WASHINGTON — President Trump’s pick for U.S. ambassador to Israel apologized for his past harsh rhetoric Thursday morning, telling the Senate Foreign Relations Committee that he shouldn’t have written the nasty things about liberal American Jews that he did.
David Friedman, Trump’s longtime attorney and a hardline right-wing supporter of new Israeli settlements in the West Bank, previously compared liberal American Jews to Kapos (Jewish collaborators with the Nazis) on multiple occasions, accused the Obama administration of “blatant anti-Semitism,” described Anti-Defamation League leaders as “morons” and said that Senate Minority Leader Chuck Schumer’s (D-N.Y.) internal debate over the Iran deal was “validating the worst appeasement of terrorism since Munich.”
He admitted those remarks were over the line, and promised that “The inflammatory rhetoric that accompanied the presidential campaign is entirely over.”
“Some of the language that I used during the highly charged presidential campaign that ended last November has come in for criticism, and rightfully so,” Friedman said during his confirmation hearing at the Senate Foreign Relations Committee. “While I maintain profound differences of opinion with some of my critics, I regret the use of such language. I want to assure you that I understand the critical difference between the partisan rhetoric of a political contest and a diplomatic mission.”
Democrats questioned Friedman’s past controversial remarks, strong criticism of the goal of a two-state solution to the Israeli-Palestinian conflict, ties to right-wing Israeli political parties, and active support of new Israeli settlements in the West Bank — including funding one such settlement.
“I am uncertain of how you will represent all Americans to all Israelis … Why should I believe that these were just emotional expressions and that you now understand the difference between that role and that as a diplomat?” Senate Foreign Relations Committee Ranking Member Ben Cardin (D-Md.) asked, calling Friedman’s record of financially supporting new settlements “troubling.”
“There is no excuse,” Friedman responded about his rhetoric. “If you want me to rationalize or justify it I cannot. These were hurtful words and I deeply regret them, they were not reflective of my nature or my character.”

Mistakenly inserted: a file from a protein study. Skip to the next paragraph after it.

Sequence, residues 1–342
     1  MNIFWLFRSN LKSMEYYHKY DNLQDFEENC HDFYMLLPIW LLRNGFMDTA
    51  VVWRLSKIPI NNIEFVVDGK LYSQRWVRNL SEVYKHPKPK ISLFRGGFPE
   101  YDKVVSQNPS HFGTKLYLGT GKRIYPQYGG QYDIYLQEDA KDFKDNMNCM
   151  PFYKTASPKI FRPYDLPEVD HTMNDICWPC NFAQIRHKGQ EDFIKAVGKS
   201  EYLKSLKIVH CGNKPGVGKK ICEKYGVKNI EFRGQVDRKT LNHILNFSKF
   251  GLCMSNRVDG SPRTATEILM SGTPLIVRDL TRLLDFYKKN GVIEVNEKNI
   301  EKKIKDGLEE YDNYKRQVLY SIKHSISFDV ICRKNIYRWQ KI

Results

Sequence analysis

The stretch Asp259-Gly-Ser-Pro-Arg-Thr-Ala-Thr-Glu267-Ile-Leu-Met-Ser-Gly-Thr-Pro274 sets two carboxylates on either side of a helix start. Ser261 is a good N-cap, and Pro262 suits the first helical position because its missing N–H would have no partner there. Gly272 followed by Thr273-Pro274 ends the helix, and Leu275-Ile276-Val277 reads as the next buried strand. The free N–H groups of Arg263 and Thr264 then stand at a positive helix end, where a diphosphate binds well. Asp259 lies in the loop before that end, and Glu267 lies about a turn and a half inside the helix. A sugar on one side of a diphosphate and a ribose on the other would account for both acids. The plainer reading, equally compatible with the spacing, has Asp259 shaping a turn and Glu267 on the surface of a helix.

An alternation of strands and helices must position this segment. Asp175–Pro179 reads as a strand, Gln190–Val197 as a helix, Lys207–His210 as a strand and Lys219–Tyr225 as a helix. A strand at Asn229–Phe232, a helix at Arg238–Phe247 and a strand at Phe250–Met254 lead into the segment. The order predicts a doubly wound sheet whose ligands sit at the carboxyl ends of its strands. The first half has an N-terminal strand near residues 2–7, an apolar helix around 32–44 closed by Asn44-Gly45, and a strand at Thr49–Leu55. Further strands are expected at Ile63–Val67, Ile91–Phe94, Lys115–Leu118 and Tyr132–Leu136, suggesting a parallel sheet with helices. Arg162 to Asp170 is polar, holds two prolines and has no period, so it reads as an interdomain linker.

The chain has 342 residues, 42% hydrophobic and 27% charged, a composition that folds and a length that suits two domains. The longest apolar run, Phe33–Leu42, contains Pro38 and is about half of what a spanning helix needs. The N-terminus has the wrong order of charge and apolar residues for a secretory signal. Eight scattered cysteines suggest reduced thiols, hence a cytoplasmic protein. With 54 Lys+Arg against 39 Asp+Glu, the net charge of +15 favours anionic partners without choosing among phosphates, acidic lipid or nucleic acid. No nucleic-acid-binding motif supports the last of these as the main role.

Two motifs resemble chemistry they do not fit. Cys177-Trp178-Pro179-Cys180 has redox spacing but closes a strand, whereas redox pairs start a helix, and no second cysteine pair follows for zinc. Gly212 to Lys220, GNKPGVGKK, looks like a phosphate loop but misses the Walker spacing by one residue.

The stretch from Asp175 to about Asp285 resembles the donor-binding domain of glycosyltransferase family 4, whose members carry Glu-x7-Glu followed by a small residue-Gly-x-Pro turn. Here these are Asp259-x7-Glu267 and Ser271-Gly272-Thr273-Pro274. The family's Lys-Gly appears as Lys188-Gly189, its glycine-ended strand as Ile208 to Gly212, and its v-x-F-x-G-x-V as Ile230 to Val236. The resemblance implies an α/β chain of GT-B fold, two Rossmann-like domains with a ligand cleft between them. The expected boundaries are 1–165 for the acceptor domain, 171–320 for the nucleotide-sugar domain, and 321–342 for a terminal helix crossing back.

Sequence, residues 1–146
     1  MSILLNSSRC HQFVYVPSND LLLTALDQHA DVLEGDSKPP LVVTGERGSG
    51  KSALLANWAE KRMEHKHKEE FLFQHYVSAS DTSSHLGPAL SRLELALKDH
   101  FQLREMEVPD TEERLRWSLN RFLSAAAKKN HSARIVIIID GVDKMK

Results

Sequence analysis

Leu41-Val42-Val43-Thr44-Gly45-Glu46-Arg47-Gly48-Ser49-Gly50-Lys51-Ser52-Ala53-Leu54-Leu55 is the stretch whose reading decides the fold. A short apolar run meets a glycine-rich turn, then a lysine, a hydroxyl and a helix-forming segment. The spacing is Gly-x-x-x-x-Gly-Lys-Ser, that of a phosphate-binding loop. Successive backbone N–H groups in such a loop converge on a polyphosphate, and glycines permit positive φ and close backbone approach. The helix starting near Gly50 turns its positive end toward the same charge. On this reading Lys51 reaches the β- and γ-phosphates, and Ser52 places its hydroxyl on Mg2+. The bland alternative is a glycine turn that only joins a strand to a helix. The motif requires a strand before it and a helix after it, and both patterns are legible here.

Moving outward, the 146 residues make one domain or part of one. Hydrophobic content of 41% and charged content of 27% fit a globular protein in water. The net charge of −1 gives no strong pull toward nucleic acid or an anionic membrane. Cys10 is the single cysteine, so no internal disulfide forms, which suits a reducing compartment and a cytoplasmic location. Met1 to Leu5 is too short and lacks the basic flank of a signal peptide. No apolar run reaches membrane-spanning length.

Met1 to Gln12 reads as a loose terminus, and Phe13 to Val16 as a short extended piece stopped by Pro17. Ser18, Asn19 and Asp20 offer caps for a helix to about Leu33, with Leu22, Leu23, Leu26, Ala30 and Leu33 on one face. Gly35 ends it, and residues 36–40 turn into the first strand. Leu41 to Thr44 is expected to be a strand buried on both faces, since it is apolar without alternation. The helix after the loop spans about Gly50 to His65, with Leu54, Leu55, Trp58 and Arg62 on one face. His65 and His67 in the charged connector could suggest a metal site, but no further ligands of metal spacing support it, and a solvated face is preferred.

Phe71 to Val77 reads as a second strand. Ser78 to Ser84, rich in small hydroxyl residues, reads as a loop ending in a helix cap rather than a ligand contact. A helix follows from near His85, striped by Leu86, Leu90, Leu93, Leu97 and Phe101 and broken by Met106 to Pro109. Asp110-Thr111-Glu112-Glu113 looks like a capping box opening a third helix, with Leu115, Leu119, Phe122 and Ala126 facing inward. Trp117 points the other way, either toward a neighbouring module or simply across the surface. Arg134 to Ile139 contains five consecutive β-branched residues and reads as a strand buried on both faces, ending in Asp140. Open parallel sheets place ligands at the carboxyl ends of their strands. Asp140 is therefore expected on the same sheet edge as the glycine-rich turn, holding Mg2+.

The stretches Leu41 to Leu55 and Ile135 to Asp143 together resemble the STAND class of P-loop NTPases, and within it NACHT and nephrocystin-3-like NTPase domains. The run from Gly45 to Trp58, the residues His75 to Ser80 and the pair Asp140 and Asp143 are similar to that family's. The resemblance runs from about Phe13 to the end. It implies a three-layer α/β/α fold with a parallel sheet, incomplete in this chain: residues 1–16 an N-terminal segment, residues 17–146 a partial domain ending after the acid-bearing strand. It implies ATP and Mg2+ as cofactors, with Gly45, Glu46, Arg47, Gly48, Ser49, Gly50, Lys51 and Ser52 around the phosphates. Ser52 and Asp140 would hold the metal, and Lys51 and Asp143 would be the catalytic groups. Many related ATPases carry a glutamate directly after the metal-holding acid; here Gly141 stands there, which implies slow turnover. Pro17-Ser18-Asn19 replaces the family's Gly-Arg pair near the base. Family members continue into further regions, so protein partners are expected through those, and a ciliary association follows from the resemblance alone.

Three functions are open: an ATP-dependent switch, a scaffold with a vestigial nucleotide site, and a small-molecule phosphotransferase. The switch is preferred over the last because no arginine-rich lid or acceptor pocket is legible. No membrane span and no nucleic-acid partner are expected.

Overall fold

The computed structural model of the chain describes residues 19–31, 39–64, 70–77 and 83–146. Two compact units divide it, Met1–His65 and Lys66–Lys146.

Friedman apologized again and again for his past remarks, walking back comment after comment — to the point that even Republicans remarked upon it.
“You’re sitting here having to recant almost every single strongly held belief that you’d expressed,” Senate Foreign Relations Committee Chairman Bob Corker (R-Tenn.) said a few hours into the hearing. “This is fairly extraordinary.”
But to a man every Republican defended Friedman or asked him friendly questions, a sign that Friedman’s confirmation is likely to pass mostly along partisan lines, as many other confirmations have in recent days.
Sen. Tom Udall (D-N.M.) blasted Friedman for his “offensive, inflammatory and insulting rhetoric,” calling him “completely unfit for this or any other diplomatic office” and pointing out that five former U.S. ambassadors to Israel had written a letter opposing his confirmation, including three that served during Republican administrations.
Protestors were less subtle.
“David Friedman is supporting the theft of Palestinian land!” yelled one protestor as he waved a Palestinian flag.
“You promote racism,” a Jewish protestor yelled after someone from her group blew a shofar. “Israeli occupation is an injustice against occupation and a moral crisis for American Jews.”
Friedman was introduced by former Sen. Joe Lieberman (D-Conn.), who told the Daily News he knew Friedman’s apology was “sincere and I hope it’s helpful to his cause.”
Democrats also pressed Friedman on President Trump’s Wednesday comments that he “can live with” either a one-state or two-state solution, a major break from decades-old U.S. policy of supporting the creation of a Palestinian state as part of an eventual peace agreement.
Friedman softened his previous criticism of the possibility of a two-state solution, calling it the “most ideal” path forward.
“I think it’s the path that has received the most thought and effort and consideration. Obviously it’s been tried for a long long time and we continue to wrestle with it… it still remains, I believe the best possibility for peace,” he said.
Earlier, Friedman said his “skepticism” in a two-state solution stemmed from “the unwillingness of Palestinians to renounce terror,” similar comments to what Israeli Prime Minister Benjamin Netanyahu said on Wednesday, though he conceded he didn’t have a “better option” than a two-state solution.
And while he sought to apologize for his past rhetoric, he said he stood by his previous policy views.
“I have profound differences of opinion with the J Street organization. I don’t think that will change,” he said when asked about the liberal Jewish group. “My regrets are as to the language and the rhetoric, I’m not withdrawing my personal views towards the organization.”
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